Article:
If you don’t want to travel with two airplane pillows, you can fold up pants or shirts to fill up the extra space. The pillowcase creates a relatively uniform surface from the sweatshirt or fleece.

Other Winter Items

Of course, you know when you’re traveling, you will want to include hats and gloves. If going to a rainy climate, I recommend either a poncho or a thin pair of waterproof pants. Similar to track pants, they don’t take up a lot of space in a carry-on, and they will keep your legs warm and dry.  

Finally it’s worth it to pack legwarmers. These work best over top of leggins. The legwarmers can be easily fitted over two layers of leggings, which work well with sneakers. Since most of your time while traveling includes walking, you need shoes that support your spine. Even better, as an autoimmune warrior, you can appeal to your doctor for orthopedic inserts. In addition to the sneakers, your body alignment will be receiving excellent self-care.

Pain Management

Another significant area of autoimmune comfort, and safety is managing pain. Sometimes room accommodations come with a mini fridge, and sometimes they don’t. Rather than overspend and feel financial stress, I have a few tips that will alleviate pain in your body and in your pocketbook. 

No Mini Fridge

 If you have a mini fridge in your room, you may not need this step. However, I have traveled to accommodations in cold weather that don’t come with a mini fridge and this trick worked very well. There are always tips for accommodations that include a mini fridge, feel free to skip ahead.

Sponges and Baggies

For this strategy, all you need is two round sponges and a seal tight baggie. These can be used anytime you experience lupus pain due to flares. The most helpful for me has been in the middle of the night when my sinuses become inflamed and painful. 

sponges lupus pain
Round sponges work well to fit around your eyes

To use this trick, you will need a room with a window that you can raise. You do have options, such as asking for a bucket with ice to create cold.  Feel free to modify the suggestions according to your needs and travel experience. I typically make adjustments each time I travel as well because every destination is a little bit different than the one before.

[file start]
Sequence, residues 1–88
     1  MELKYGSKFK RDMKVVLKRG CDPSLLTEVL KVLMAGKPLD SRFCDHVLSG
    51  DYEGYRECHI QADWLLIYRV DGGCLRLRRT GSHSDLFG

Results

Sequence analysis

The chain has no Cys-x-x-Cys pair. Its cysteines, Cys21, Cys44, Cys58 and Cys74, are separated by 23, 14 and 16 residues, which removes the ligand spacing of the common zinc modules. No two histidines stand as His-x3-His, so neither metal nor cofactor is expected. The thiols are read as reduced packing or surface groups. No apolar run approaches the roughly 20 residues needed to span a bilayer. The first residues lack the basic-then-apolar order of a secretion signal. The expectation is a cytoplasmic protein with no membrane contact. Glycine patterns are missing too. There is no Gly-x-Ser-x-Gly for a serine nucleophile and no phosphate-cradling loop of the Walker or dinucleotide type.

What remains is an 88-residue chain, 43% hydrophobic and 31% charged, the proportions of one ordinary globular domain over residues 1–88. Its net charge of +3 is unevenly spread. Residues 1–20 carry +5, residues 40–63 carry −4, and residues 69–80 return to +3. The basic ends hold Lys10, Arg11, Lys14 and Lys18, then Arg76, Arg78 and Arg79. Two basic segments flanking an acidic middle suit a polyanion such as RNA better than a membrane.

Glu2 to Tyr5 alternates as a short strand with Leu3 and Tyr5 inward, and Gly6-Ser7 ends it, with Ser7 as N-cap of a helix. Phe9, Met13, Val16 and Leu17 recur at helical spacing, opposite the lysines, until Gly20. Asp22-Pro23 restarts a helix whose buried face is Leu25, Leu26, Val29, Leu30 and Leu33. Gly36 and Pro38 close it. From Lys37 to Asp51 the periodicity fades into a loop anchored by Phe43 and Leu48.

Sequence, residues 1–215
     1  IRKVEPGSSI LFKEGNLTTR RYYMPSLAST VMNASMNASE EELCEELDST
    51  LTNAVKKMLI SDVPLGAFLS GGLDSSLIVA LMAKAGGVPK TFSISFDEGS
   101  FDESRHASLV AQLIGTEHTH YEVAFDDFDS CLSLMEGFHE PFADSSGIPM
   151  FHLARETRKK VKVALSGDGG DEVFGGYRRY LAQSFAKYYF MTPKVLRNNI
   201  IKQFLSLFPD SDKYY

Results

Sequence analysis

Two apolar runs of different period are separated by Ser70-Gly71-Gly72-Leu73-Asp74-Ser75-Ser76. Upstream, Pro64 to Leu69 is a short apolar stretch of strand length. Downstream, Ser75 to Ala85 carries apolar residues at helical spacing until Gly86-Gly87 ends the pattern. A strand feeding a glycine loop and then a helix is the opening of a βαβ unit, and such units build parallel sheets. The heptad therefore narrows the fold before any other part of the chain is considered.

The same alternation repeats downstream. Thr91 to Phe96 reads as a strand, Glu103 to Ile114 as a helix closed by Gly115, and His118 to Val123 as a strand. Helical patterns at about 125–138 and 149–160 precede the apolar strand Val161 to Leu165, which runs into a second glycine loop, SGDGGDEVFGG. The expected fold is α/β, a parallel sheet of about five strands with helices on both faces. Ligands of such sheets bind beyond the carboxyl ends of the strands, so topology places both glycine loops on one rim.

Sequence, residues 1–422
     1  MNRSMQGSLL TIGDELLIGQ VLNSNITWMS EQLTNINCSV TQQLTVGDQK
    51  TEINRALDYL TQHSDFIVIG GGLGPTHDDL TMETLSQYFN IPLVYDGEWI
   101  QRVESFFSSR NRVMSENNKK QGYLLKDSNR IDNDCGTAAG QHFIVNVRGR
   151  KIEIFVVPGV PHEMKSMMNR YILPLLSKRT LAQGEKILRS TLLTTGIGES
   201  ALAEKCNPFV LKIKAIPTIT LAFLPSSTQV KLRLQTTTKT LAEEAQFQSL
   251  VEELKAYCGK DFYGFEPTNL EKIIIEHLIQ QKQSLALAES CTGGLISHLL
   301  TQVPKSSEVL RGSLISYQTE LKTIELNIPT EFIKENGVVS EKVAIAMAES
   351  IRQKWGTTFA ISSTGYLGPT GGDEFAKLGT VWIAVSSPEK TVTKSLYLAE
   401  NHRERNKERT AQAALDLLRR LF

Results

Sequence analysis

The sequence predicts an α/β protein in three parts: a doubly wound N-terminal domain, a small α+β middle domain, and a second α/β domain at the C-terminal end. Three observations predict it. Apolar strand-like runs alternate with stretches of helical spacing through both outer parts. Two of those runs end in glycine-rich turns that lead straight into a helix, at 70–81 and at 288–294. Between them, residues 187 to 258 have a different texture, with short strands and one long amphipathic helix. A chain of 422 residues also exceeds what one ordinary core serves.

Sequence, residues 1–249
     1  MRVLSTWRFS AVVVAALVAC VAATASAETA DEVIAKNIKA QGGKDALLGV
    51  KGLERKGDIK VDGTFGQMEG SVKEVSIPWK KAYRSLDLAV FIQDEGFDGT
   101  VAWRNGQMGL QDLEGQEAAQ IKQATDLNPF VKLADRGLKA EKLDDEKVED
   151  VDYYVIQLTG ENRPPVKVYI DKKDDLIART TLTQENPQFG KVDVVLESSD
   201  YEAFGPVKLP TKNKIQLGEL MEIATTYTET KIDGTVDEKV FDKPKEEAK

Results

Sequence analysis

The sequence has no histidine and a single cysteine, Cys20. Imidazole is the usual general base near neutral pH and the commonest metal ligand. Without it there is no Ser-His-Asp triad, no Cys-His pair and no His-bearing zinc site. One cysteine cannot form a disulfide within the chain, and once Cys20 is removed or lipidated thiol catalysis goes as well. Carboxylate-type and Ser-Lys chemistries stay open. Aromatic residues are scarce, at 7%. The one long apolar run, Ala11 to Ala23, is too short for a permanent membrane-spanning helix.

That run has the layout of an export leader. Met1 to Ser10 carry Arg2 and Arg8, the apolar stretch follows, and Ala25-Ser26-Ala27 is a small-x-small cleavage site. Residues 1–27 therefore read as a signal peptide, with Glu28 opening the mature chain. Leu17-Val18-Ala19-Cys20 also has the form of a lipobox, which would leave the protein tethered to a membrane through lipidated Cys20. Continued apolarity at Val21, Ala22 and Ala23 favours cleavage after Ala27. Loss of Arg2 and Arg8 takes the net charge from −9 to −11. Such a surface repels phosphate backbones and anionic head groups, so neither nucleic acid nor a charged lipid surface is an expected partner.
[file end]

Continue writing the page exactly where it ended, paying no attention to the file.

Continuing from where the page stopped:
Your first step is to wet the sponges with cold water and leave a little extra water in the baggie. Take out most of the air, and seal the baggie. Place it on the windowsill, or if you have a bucket of ice, put it there. The cold air combined with the water in the sponges will create a nice cool pack to calm down any pain or stiffness. Although it is not quite as cold as a refrigerator or freezer, it is nonetheless refreshing on your 98.6° body temperature. Especially if it is in the middle of the night when your body temperature and skin is more sensitive to temperature change.  

I’ve used this during a winter trip to London and it worked perfectly. My hotel was cozy and friendly, but since it was London, affordable did not include tons of extra amenities.

Once your body has transferred heat to the sponges and they are no longer as cold, place the sponges back in the bag to dip them in the cold water again and repeat the process. 

Water Bottles

Another way to capture cool on the road and you don’t have a refrigerator or freezer is to simply place two disposable water bottles in your carry-on. Keep them empty so they’ll be very light and not  take up much space. One will be 8 ounces while the other will be 12 or 16 ounces.

water bottle pain mangement
Any 12 oz water bottle works well

The way to make use of this strategy is to run cold water into each bottle and place it on the windowsill overnight. Water bottles are the perfect size for neck stiffness and headaches.  

water bottle pain management
An 8 oz water bottle fits snugly for sinus relief

Remember you have makeshift pillows to support the cold pack water bottles and to maximize placement.  One last tip, don’t forget to request at least one extra pillow upon check in. Once when I asked for an extra pillow she gave me too. You never know.